Ages and Stages: Questionnaire helps make sure youngsters are on right track
Smart Start Rowan
Smart Start’s ABCD Program promotes the use of an easy developmental screening tool to help identify developmental delays in young children while at their well-child checkups.
Emma Grace Smith just turned a year old. A delightful infant, she smiles and laughs and is a daddy’s girl.
And she’s right where she should be in her development.
Emma’s pediatrician, Dr. Paula Franklin of Cleveland Pediatrics, knows just what to look for, of course, to make sure she’s on track. Since 2008, the practice has used a questionnaire from the Assuring Better Child Health and Development Program (ABCD), which is offered to medical offices by Smart Start Rowan.
“Regarding developmental delays, early intervention is the key,” Franklin says.
The Ages & Stages Questionnaire is filled out by parents, and then discussed by their child’s pediatrician during a well visit.
“It’s a little bit more extensive screening” than just a typical physical exam, Franklin notes.
The questions focus in five areas: communication, gross motor skills (arm and leg movements), fine motor skills (picking up small objects), problem solving and social skills.
Questions for parents of a 6-month-old might include: “Does your child use hands and both legs equally well?” “Does your baby roll from back to tummy?” “Does your baby make high-pitched squeals?” “Does your baby reach for or grab a toy using both hands at once?”
“It gives us a pretty good idea if a child has major delays,” Franklin says. Since there has been an emphasis in recent years on autism, pediatricians are also using a secondary screening tool that can help diagnose the condition.
Cleveland Pediatrics is one of five pediatric practices in Rowan County participating in the ABCD Program. Together, these five practices affect 80 percent of the county’s child population up to age 5, says Lisa Edwards, ABCD coordinator and early intervention specialist with Smart Start Rowan.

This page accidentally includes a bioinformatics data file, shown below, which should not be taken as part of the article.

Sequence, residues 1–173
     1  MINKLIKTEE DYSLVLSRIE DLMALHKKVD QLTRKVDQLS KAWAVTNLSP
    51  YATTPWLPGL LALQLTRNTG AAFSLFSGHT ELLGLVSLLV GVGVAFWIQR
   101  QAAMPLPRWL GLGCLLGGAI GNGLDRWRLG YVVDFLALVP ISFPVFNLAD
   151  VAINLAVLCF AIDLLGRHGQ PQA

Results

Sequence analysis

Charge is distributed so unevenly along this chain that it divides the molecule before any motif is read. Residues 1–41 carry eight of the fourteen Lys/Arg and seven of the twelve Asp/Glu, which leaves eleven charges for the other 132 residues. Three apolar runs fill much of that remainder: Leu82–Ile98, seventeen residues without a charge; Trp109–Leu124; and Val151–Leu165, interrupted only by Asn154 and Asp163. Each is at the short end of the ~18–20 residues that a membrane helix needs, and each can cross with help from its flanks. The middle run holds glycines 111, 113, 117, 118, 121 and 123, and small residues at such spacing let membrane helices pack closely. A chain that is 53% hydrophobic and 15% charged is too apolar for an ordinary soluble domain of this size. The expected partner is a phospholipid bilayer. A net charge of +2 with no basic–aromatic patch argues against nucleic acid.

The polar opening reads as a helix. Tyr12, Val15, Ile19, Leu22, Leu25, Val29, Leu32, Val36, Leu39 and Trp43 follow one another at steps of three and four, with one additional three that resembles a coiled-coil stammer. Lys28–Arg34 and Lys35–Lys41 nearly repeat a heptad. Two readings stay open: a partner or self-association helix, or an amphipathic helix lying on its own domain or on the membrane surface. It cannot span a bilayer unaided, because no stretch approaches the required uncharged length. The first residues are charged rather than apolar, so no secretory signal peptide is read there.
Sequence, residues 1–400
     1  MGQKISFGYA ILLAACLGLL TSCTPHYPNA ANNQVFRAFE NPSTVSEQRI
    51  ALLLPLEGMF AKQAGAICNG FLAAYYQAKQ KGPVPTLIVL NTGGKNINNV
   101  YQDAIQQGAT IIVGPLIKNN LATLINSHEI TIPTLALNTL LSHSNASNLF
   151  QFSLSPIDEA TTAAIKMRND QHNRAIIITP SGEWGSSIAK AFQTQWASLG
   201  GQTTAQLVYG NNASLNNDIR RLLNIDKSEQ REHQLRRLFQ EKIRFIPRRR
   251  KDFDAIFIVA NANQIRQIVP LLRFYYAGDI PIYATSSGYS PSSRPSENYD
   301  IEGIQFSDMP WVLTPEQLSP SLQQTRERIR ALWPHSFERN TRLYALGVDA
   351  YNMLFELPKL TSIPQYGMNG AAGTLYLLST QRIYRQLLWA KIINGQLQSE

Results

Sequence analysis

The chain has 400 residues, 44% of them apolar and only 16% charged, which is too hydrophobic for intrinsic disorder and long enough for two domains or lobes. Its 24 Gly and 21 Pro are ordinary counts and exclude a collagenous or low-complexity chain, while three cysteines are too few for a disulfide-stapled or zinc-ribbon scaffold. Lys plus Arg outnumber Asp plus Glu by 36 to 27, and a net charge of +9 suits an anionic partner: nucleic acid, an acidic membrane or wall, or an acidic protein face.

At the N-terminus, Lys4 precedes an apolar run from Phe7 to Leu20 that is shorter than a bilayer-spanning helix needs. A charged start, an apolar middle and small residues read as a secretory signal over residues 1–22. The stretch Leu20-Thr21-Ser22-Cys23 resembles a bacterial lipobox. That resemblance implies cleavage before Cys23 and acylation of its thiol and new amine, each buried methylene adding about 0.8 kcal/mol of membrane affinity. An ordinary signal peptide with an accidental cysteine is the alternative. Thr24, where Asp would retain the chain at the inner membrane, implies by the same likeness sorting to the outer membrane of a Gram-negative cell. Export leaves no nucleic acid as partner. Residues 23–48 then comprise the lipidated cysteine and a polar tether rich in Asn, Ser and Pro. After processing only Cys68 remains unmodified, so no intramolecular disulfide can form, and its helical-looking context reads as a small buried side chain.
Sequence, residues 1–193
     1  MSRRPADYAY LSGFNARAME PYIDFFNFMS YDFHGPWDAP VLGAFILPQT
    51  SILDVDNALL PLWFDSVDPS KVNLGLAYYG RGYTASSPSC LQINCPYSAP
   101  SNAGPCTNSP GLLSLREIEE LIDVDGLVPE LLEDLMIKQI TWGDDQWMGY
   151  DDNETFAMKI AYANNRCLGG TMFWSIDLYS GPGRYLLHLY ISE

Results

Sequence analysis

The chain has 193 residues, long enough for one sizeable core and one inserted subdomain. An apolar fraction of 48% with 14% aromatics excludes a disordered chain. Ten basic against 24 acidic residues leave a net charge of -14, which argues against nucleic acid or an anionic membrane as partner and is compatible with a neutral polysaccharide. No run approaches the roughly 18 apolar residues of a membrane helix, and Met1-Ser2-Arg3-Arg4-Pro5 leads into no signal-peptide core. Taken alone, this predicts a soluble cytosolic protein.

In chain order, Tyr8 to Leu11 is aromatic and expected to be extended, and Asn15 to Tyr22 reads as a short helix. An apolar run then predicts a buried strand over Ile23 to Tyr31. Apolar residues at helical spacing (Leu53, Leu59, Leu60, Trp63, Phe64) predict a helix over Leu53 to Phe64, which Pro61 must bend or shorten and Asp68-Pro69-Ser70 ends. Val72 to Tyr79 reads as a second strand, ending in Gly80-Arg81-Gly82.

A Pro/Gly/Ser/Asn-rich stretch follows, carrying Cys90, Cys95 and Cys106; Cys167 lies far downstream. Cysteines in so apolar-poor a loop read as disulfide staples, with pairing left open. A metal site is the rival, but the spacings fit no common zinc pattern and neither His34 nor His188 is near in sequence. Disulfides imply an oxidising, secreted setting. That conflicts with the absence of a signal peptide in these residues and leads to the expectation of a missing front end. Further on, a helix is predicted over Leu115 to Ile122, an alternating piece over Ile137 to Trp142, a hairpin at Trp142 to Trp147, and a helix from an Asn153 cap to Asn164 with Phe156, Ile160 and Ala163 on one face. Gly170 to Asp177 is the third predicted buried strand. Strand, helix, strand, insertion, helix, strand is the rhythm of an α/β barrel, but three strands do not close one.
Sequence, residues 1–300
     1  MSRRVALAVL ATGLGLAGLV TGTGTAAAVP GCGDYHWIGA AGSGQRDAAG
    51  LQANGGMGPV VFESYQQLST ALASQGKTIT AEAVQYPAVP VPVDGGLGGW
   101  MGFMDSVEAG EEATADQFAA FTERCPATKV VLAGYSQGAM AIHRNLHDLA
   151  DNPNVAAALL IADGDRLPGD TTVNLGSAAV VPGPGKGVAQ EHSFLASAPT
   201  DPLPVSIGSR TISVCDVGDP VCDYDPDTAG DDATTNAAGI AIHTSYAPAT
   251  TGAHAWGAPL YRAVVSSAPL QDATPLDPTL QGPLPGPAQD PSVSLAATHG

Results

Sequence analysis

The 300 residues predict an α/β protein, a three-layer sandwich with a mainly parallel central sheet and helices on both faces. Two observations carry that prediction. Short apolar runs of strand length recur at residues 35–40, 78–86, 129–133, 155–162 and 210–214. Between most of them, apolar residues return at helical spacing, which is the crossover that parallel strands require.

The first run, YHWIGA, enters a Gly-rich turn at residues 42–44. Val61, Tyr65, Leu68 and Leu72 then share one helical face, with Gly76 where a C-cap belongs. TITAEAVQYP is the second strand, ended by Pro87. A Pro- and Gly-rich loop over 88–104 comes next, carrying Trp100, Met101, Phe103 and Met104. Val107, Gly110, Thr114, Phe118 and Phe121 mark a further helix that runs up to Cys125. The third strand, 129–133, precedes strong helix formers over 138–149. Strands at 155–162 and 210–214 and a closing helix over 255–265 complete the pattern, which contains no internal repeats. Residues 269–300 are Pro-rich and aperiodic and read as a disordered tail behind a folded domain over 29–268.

“I think it’s a good screening tool,” Franklin says. “Most of my parents do appreciate the fact that we do assess their child’s development.”
That’s certainly the case for Emma’s parents, Kim Rhodes and Jeremy Smith.
“She’s very active for this age,” Rhodes says. “She’s usually in a good mood.”
Emma can already say “Da-Da” and claps her hands happily.
“She tries to copy everything you say,” her dad says.
Franklin does point out that children develop differently and at different ages.
“That doesn’t always mean there’s a delay,” she says. If there is, there is a broad spectrum of treatment options that include speech therapy and occupational therapy for minor problems. For more significant delays, other therapies and home intervention may be considered.
The program has had success in Rowan, Edwards says. “A child’s doctor is the best-informed professional that parents have regular contact with during a child’s early years. Parents are eager to receive information about behavior and development from them, and referrals for specialized care, if needed. ABCD helps streamline what can be a somewhat confusing referral process for early intervention services.”
For more information about the ABCD program, contact Smart Start Rowan Executive Director John Gerstenmier at 704-630-9085.
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